1. 1. Introduction
  2. 2. Getting Started
  3. 3. Tutorial: Guessing Game
  4. 4. Syntax and Semantics
    1. 4.1. Variable Bindings
    2. 4.2. Functions
    3. 4.3. Primitive Types
    4. 4.4. Comments
    5. 4.5. if
    6. 4.6. Loops
    7. 4.7. Vectors
    8. 4.8. Ownership
    9. 4.9. References and Borrowing
    10. 4.10. Lifetimes
    11. 4.11. Mutability
    12. 4.12. Structs
    13. 4.13. Enums
    14. 4.14. Match
    15. 4.15. Patterns
    16. 4.16. Method Syntax
    17. 4.17. Strings
    18. 4.18. Generics
    19. 4.19. Traits
    20. 4.20. Drop
    21. 4.21. if let
    22. 4.22. Trait Objects
    23. 4.23. Closures
    24. 4.24. Universal Function Call Syntax
    25. 4.25. Crates and Modules
    26. 4.26. `const` and `static`
    27. 4.27. Attributes
    28. 4.28. `type` aliases
    29. 4.29. Casting between types
    30. 4.30. Associated Types
    31. 4.31. Unsized Types
    32. 4.32. Operators and Overloading
    33. 4.33. Deref coercions
    34. 4.34. Macros
    35. 4.35. Raw Pointers
    36. 4.36. `unsafe`
  5. 5. Effective Rust
    1. 5.1. The Stack and the Heap
    2. 5.2. Testing
    3. 5.3. Conditional Compilation
    4. 5.4. Documentation
    5. 5.5. Iterators
    6. 5.6. Concurrency
    7. 5.7. Error Handling
    8. 5.8. Choosing your Guarantees
    9. 5.9. FFI
    10. 5.10. Borrow and AsRef
    11. 5.11. Release Channels
    12. 5.12. Using Rust without the standard library
  6. 6. Nightly Rust
    1. 6.1. Compiler Plugins
    2. 6.2. Inline Assembly
    3. 6.3. No stdlib
    4. 6.4. Intrinsics
    5. 6.5. Lang items
    6. 6.6. Advanced linking
    7. 6.7. Benchmark Tests
    8. 6.8. Box Syntax and Patterns
    9. 6.9. Slice Patterns
    10. 6.10. Associated Constants
    11. 6.11. Custom Allocators
  7. 7. Glossary
  8. 8. Syntax Index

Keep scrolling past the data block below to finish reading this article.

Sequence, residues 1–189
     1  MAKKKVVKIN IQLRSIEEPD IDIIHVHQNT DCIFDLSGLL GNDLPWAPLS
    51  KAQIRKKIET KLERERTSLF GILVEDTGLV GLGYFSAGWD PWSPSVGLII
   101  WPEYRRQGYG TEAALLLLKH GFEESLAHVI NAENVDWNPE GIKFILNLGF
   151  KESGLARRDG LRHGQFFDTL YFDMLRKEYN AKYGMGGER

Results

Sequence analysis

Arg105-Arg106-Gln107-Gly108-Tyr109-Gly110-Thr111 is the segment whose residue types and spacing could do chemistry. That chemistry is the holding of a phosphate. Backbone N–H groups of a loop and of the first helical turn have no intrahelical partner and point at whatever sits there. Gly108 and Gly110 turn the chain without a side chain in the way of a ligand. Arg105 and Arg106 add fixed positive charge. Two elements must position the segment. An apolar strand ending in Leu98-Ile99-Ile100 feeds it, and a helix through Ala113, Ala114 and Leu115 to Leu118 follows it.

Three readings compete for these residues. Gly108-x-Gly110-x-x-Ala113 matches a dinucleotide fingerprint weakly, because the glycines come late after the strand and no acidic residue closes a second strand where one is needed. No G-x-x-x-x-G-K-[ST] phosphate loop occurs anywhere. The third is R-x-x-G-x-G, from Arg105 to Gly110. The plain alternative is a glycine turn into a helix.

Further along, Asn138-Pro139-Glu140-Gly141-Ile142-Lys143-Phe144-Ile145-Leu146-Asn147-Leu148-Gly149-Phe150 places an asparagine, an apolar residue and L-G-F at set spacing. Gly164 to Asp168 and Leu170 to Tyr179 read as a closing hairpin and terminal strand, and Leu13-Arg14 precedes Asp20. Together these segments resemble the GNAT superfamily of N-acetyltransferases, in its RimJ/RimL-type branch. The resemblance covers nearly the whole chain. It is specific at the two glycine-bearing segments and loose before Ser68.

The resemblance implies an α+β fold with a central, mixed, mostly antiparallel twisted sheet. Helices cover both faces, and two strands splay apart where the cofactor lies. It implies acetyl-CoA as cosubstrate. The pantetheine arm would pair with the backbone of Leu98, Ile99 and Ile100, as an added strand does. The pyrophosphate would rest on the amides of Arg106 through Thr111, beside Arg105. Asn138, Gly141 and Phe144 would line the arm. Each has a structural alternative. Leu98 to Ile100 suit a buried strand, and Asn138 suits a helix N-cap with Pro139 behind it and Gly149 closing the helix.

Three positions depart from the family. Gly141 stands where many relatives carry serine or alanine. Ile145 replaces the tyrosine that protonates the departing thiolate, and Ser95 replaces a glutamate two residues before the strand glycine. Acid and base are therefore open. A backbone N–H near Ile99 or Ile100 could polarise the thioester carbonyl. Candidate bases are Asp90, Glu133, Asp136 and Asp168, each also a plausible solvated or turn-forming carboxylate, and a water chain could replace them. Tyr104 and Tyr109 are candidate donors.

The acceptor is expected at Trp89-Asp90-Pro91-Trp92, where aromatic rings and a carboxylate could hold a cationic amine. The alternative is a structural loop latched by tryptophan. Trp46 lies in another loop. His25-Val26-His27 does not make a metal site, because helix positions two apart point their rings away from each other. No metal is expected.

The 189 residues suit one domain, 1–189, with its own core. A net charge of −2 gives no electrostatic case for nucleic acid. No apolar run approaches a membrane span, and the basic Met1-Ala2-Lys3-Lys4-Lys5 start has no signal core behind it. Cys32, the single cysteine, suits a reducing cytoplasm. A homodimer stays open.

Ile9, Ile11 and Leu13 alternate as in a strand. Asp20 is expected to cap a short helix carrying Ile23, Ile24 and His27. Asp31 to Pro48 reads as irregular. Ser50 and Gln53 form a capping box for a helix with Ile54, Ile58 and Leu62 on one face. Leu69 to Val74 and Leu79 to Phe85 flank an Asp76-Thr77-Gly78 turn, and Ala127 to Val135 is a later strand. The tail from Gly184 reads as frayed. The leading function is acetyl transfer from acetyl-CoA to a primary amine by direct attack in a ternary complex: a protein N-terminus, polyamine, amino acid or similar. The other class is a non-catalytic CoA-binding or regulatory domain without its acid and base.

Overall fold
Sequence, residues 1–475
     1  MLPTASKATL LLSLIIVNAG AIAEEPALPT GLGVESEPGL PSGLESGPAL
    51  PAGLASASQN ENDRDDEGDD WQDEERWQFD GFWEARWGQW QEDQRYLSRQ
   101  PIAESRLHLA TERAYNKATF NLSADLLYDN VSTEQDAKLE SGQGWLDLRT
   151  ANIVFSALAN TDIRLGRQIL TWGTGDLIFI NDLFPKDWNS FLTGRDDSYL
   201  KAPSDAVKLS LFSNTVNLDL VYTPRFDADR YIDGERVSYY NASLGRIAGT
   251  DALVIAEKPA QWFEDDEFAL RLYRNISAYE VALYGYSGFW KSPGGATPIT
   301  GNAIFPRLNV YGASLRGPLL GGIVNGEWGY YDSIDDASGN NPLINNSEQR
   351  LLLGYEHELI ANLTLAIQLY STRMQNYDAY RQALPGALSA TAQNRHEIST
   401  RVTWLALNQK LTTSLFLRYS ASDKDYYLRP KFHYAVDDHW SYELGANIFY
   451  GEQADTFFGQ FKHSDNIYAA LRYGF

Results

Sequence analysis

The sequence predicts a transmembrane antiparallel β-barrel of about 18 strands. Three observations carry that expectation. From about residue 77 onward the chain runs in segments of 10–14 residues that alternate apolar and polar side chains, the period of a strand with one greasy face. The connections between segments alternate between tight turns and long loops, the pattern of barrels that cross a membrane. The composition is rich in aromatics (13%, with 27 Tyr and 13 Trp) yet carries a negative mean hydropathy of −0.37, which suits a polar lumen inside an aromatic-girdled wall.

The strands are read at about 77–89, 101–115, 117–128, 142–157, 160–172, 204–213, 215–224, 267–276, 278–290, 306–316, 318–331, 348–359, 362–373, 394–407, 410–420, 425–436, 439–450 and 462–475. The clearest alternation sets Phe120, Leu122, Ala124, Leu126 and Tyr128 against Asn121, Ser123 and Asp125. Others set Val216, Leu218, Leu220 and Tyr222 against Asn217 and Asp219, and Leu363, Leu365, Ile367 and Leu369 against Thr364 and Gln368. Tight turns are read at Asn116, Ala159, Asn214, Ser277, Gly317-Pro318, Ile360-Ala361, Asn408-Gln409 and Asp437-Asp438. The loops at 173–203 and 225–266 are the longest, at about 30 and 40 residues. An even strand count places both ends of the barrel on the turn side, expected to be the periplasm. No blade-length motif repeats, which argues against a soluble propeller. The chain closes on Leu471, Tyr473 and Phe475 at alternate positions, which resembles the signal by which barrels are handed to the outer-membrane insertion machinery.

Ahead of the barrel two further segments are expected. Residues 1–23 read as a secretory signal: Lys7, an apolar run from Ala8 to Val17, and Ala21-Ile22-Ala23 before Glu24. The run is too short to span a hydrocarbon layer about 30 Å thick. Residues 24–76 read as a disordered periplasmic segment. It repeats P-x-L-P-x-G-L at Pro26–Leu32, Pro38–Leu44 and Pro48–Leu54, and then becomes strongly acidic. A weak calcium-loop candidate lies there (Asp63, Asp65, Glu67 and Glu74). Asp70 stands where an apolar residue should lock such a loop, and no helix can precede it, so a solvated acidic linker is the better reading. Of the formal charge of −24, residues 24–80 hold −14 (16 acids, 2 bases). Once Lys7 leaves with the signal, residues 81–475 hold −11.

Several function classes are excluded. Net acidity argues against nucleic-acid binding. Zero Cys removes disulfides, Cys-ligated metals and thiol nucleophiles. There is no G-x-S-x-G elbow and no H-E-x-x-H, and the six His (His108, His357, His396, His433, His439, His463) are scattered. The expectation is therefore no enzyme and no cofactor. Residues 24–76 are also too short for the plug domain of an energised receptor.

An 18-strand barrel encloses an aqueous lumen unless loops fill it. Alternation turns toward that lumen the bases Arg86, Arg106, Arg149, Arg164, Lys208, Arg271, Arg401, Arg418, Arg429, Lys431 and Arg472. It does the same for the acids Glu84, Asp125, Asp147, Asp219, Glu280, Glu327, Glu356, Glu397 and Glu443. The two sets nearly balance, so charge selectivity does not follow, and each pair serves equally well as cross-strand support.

9. 9. Bibliography

Universal Function Call Syntax

Sometimes, functions can have the same names. Consider this code:

trait Foo {
    fn f(&self);
}

trait Bar {
    fn f(&self);
}

struct Baz;

impl Foo for Baz {
    fn f(&self) { println!("Baz’s impl of Foo"); }
}

impl Bar for Baz {
    fn f(&self) { println!("Baz’s impl of Bar"); }
}

let b = Baz;Run

If we were to try to call b.f(), we’d get an error:

error: multiple applicable methods in scope [E0034]
b.f();
  ^~~
note: candidate #1 is defined in an impl of the trait `main::Foo` for the type
`main::Baz`
    fn f(&self) { println!("Baz’s impl of Foo"); }
    ^~~~~~~~~~~~~~~~~~~~~~~~~~~~~~~~~~~~~~~~~~~~~~
note: candidate #2 is defined in an impl of the trait `main::Bar` for the type
`main::Baz`
    fn f(&self) { println!("Baz’s impl of Bar"); }
    ^~~~~~~~~~~~~~~~~~~~~~~~~~~~~~~~~~~~~~~~~~~~~~

We need a way to disambiguate which method we need. This feature is called ‘universal function call syntax’, and it looks like this:

Foo::f(&b);
Bar::f(&b);Run

Let’s break it down.

Foo::
Bar::Run

These halves of the invocation are the types of the two traits: Foo and Bar. This is what ends up actually doing the disambiguation between the two: Rust calls the one from the trait name you use.

f(&b)Run

When we call a method like b.f() using method syntax, Rust will automatically borrow b if f() takes &self. In this case, Rust will not, and so we need to pass an explicit &b.

Angle-bracket Form

The form of UFCS we just talked about:

Trait::method(args);Run

Is a short-hand. There’s an expanded form of this that’s needed in some situations:

<Type as Trait>::method(args);Run

The <>:: syntax is a means of providing a type hint. The type goes inside the <>s. In this case, the type is Type as Trait, indicating that we want Trait’s version of method to be called here. The as Trait part is optional if it’s not ambiguous. Same with the angle brackets, hence the shorter form.

Here’s an example of using the longer form.

trait Foo {
    fn foo() -> i32;
}

struct Bar;

impl Bar {
    fn foo() -> i32 {
        20
    }
}

impl Foo for Bar {
    fn foo() -> i32 {
        10
    }
}

fn main() {
    assert_eq!(10, <Bar as Foo>::foo());
    assert_eq!(20, Bar::foo());
}Run

Using the angle bracket syntax lets you call the trait method instead of the inherent one.